Grumpy Opinions by Grumpy
Gretchen Logue wrote about the Recent op ed piece by Mike Petrilli and Robert Pondiscio, president and vice president for external affairs respectively of the Thomas B. Fordham Institute, which appeared in the Post Dispatch about the poor performance of our students on the SBAC test given this past spring. The same piece, with minor changes, appeared simultaneously in Connecticut and West Virginia. Not only did the op ed in Missouri contain easily verified factual errors, it continued to spout the unproven promises of Common Core and the associated standardized test. It sounded very much like the pamphlet sent by snake oil salesmen at the turn of the last century to Missouri’s own Mark Twain who railed against their false promises. Today’s guest post is by Dr. Mary Byrne Ed.D. who compares the work of Petrilli and Pondiscio to the snake oil promises and provides Missouri’s present day response.
Part 1 of 2
“Snake Oil Salesman.” The phrase conjures up images of seedy profiteers trying to exploit an unsuspecting public by selling it fake cures. Mark Twain had harsh words for a snake oil peddler when enraged by the peddler’s attempt to sell bogus medicine to Twain by way of a letter and leaflet delivered to his home. According to the literature, the peddler’s “Elixir of Life” could cure such ailments as meningitis (which had killed Twain’s daughter in 1896) and diphtheria (which killed his 19-month-old son). A furious Twain dictated a letter of response to his secretary, which he then signed. What is a “snake oil salesman”? Why is peddling snake oil such a terrible thing?
A “snake oil salesman” is somebody that sells an item that claims to have some miraculous powers. This product is usually accompanied by a tremendous amount of hype. In an attempt to help push their products, the “snake oil salesman” will usually utilize planted accomplices who will claim that the product actually works. Snake oil salesmen take advantage of struggling people willing to pay whatever they have to find a cure for their chronic problems. The snake oil peddlers know their promises of relief aren’t supported with well-designed research, but, pilot studies and longitudinal research will interfere with the agenda of salesman’s corporate and foundation sponsors. The “suckers” are not only cheated out of their money, but they forgo opportunities for authentic, locally developed solutions to their schools’ specific ailments. In other words, parents and taxpayers pay “opportunity cost” as well as financial costs. Hucksters hock hope. Twain lashed out at the peddler because he was grieved by genuine pain that the snake oil salesman disingenuously promised to relieve.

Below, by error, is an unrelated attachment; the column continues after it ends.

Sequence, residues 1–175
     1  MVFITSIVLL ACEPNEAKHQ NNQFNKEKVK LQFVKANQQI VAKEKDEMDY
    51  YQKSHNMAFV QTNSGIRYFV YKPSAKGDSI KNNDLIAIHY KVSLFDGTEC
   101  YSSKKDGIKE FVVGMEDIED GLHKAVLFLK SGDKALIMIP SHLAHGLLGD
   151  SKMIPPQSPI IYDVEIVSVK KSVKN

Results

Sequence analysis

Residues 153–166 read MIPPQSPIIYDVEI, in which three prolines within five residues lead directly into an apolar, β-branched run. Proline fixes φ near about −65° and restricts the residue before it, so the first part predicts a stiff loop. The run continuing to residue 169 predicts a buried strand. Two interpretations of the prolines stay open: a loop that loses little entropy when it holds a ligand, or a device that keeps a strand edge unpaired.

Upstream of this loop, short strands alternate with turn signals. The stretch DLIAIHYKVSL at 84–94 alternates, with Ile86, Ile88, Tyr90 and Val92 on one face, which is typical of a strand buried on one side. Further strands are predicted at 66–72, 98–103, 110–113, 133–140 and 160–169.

Mark Twain’s letter of fury unleashed on a snake oil salesman for fraudulent advertising conjures up similar images when thinking about Mike Petrilli and Robert Pondiscio’s “Missouri: Don’t shoot the messenger.” Petrilli and Pondiscio are the president and vice president for external affairs respectively of the Thomas B. Fordham Institute, a non-governmental organization frequently referred to as a conservative think tank…..
Part 2 to follow.
Image : Samuel Clemens and John T. Lewis (an elderly African American man), both full length, seated on steps of porch. Source, Library of Congress.